The piece tends to reinforce the idea that more people will choose to work longer and governments will change rules that encourage people to stop working too early.

Sample quotes:
"... “leisure” is almost a meaningless concept. People, at least those who are not economists, don’t just do “nothing. ... Among those intangible items we seek are freedom from financial pressures and the dictates of superiors in our jobs; we don’t like outside forces to command our use of time to do things we really
don’t like doing." Amen to that, brother.

"... my calculations show that by sometime before 2020 there are no revenues left for any other function of government other than providing defense, Medicaid, Medicare, and Social Security. Basically, middle-aged people today are scheduled, by the time they retire, to get almost everything government provides—for themselves."

Tuesday, 18 August 2009

Disturbing Views of Children at Maclean's

The August 3rd cover of Maclean's blares out The Case Against Having Kids. Inside, the headline of the article, written by Anne Kingston, is "No Kids, No Grief". The sub-title gives a good summary of the content: "A new manifesto argues that parenting is bad for your career, your marriage, your bank book and your love life." Granted, Maclean's' is at liberty to sell magazines with controversial content, and not to give a balanced view. But I am still disturbed by the article for several reasons.

Despite the fact that Maclean's is not required to argue the pros as well as the cons, the absence of such makes it an prime piece of sophistry - clever argumentation of a fundamentally flawed position. It transforms a description of what is true for some people into a prescription for how everyone should act - saying in effect that the new reality is such and such, therefore we should all accept its inevitability, and adapt our behaviour - i.e. stop having kids.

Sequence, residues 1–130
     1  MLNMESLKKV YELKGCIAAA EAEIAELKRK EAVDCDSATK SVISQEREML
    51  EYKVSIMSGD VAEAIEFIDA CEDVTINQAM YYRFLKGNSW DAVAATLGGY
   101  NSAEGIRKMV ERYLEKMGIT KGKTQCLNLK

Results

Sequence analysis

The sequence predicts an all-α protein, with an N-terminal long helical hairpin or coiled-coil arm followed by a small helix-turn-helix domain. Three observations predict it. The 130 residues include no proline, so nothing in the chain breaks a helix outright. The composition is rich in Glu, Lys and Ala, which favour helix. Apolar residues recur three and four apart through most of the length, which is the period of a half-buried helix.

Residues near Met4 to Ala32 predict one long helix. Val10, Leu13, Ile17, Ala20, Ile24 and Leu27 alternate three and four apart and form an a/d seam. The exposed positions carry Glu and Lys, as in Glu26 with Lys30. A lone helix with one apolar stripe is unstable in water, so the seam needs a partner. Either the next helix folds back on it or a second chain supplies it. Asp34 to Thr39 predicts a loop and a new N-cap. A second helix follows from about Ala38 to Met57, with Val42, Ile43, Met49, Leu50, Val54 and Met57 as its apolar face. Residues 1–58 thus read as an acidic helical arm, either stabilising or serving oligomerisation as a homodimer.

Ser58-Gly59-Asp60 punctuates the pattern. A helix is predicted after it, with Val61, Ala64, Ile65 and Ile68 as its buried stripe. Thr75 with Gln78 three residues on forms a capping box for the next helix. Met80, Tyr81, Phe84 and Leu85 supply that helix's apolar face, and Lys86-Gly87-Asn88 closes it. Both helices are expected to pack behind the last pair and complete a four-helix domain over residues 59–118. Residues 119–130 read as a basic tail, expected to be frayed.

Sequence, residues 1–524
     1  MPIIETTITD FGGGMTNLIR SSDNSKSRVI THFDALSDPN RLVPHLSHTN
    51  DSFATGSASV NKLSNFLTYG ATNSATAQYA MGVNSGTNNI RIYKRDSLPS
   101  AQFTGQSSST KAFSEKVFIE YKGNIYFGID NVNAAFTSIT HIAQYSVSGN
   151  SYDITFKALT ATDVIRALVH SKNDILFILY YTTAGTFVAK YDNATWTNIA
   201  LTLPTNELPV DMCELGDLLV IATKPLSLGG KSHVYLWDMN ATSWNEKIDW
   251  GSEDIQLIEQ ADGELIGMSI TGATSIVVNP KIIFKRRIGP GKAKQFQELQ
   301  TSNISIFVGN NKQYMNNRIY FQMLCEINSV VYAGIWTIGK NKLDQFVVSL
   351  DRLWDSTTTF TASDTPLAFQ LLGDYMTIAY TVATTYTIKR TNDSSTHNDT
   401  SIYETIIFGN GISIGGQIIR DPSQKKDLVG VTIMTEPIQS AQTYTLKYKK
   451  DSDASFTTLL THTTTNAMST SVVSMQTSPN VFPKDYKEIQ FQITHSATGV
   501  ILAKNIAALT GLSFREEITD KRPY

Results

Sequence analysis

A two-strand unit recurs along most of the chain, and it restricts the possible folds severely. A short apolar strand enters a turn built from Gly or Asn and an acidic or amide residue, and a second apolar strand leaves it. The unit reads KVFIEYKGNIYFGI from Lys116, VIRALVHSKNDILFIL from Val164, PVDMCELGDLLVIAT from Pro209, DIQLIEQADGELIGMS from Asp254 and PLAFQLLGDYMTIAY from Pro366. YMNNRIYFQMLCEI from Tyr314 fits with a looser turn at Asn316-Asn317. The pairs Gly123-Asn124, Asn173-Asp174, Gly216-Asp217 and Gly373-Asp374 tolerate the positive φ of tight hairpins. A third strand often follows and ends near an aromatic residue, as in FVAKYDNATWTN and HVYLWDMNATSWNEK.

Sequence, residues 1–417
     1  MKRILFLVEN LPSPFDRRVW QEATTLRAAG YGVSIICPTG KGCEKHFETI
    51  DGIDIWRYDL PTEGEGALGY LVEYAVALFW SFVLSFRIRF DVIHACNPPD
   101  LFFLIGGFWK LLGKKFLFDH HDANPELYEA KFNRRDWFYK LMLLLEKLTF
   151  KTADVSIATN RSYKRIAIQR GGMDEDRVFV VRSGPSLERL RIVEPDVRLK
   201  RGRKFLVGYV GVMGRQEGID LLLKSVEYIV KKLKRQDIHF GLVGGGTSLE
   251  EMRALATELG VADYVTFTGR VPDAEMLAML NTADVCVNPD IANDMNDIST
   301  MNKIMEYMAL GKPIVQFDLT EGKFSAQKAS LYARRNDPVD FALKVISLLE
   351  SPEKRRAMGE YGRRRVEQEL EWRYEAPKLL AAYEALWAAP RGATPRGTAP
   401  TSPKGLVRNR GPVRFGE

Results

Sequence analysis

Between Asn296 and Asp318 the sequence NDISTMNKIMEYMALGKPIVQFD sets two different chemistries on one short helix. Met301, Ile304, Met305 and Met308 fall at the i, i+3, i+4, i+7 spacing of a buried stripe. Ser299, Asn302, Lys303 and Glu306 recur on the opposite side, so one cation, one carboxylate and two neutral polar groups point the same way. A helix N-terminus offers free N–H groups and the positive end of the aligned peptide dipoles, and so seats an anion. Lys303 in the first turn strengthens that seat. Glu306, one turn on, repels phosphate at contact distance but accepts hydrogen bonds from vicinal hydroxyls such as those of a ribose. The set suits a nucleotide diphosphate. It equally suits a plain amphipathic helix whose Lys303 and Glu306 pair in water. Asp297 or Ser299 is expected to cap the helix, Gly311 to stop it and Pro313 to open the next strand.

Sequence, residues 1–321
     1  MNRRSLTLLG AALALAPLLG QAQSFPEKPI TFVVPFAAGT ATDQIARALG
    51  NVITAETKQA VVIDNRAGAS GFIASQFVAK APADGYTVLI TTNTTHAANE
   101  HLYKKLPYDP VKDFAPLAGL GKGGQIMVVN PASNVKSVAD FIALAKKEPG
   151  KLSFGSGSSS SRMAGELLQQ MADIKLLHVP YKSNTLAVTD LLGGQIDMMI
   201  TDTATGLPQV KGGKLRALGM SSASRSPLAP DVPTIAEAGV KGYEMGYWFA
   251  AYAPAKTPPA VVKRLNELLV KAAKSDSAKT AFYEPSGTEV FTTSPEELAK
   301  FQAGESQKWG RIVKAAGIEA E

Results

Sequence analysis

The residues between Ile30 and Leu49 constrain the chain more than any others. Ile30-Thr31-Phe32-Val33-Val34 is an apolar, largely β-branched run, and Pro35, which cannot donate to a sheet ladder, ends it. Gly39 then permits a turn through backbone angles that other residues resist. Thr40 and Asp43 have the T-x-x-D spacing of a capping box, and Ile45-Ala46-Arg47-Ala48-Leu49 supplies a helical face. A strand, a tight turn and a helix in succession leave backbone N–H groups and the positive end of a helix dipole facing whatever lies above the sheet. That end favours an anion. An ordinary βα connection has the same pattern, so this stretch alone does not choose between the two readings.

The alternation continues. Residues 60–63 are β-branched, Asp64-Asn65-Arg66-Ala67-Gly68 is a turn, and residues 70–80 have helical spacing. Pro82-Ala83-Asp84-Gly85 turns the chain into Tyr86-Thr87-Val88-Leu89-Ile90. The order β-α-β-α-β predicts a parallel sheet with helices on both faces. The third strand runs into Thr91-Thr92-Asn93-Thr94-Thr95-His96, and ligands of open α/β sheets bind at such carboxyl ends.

Kingston's message is not merely that people should have a choice whether to have kids and not be made to feel bad if that's what they decide. Rather it is the dramatic, extreme proposition that having kids is a stupid idea, the very opposite prejudice. The closing paragraph, which asks for respect for those who choose not to have children, does not overcome the tenor and the bulk of the article's content, which is overtly anti-child - e.g. citing sensationalist Corinne Maier's description of children "If you really want to be host to a parasite, get a gigolo." with the prefacing words "Among Maier's hard-won advice" transforms what could, in a comedy show, be a funny line to parents who love their kids, into a straightforward statement of hate. In the No Kids Debate Continues rebuttal, Kingston acknowledges that Maier herself meant the quote to be ironic and provocative. (I hope Maier's own kids know she was being intentionally silly). Well Ms Kingston, you need to work on your writing craft because your preface to the quote gave no clue to its real intent.